Eight Afghans who ate an infected camel as part of a religious celebration died of what health experts suspect is a rare case naturally occurring anthrax, officials said Saturday.

The deaths, in the southwestern province of Nimroz, included two women and an infant, said Dr. Abdullah Fahim, an adviser to Afghanistan's health minister. Ten others fell sick.

Laboratory results have not yet been completed, so officials cannot say positively the deaths were anthrax related, said Fahim. Results were expected in the next two days.

A sample of the suspected anthrax will be sent to the U.S. Army Medical Research Institute of Infectious Diseases at Fort Detrick, in the U.S. State of Maryland.

"We're genotyping it for biosecurity but also to match it up in case there are any other anthrax outbreaks in Afghanistan," said an official in the Ministry of Health, who spoke on condition of anonymity because he is not authorized to speak on the issue.

The official called the gastrointestinal outbreak of anthrax "extremely rare" and said there had been only four or five similar cases at such a large scale in medical literature.

The outbreak began when two men in a remote area of southwest Afghanistan along the border with Iran tried to sell a sick camel, said Ghulam Dastagir Azad, the governor of Nimroz province.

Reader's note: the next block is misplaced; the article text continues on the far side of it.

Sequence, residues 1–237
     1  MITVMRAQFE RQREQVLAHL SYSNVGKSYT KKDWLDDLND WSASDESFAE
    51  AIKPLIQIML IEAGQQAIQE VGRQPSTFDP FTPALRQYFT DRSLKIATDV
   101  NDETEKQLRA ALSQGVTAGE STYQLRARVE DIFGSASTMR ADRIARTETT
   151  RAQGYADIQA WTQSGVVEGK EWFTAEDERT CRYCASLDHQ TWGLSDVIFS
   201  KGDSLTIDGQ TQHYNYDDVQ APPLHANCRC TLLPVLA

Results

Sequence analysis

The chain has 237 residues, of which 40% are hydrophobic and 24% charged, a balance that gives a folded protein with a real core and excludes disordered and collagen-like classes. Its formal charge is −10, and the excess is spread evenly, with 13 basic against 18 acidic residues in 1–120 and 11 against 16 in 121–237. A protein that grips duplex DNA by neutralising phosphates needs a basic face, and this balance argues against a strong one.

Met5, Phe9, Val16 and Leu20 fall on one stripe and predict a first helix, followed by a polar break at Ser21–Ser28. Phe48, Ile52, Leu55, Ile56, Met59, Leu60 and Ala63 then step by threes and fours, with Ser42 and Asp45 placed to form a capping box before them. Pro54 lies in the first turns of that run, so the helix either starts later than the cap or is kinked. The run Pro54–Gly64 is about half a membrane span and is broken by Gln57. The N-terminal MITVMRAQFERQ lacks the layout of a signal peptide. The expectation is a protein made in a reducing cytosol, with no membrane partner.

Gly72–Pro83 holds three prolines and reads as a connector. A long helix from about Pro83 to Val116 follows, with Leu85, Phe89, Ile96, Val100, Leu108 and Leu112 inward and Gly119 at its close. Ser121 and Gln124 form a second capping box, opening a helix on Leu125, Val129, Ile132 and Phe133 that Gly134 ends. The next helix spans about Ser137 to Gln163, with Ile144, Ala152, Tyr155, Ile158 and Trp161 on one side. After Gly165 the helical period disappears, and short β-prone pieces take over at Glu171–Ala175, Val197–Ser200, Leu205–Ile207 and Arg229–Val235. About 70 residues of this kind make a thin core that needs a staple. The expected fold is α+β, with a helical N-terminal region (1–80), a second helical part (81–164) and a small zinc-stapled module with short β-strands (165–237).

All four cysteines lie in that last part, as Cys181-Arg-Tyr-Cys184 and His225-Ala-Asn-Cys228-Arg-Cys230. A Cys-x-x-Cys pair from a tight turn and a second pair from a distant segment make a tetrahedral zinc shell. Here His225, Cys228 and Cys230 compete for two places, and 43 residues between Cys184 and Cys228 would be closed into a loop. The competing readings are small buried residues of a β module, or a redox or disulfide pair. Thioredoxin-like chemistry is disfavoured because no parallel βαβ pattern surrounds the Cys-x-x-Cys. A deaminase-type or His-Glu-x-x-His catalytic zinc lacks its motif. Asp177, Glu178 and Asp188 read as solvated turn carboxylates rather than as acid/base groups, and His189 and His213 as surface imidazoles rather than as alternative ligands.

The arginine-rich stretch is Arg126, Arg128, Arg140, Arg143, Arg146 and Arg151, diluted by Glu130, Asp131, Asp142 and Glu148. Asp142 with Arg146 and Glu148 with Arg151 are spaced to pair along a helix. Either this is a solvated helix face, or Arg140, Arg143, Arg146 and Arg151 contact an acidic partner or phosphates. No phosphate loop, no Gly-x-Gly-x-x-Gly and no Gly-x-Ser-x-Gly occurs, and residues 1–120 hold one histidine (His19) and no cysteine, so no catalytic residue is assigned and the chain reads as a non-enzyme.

Nobody would buy the camel and the men instead killed it and distributed the meat to needy families, as is the custom during the Muslim holiday of Eid al-Adha.

The two men "were the first victims. They cooked the meat and 12 hours later they were dead," said Azad. "Then some of the families who cooked (the meat) in their homes became victims."

Anthrax — an acute infectious disease caused by a spore-forming bacterium — occurs in wild and domestic animals like cattle, sheep, goats and camels, according to the U.S.-based Centers for Disease Control and Prevention.

It can also occur in humans when they are exposed to infected animals, or when anthrax spores are used as a weapon, such as what happened in the United States in 2001 in attacks through the mail that killed five people.

Fahim said there is no evidence to suggest terrorism played any part in the outbreak. "But we should be on alert also. We see the strength of suicide attackers growing, so we should consider this possibility."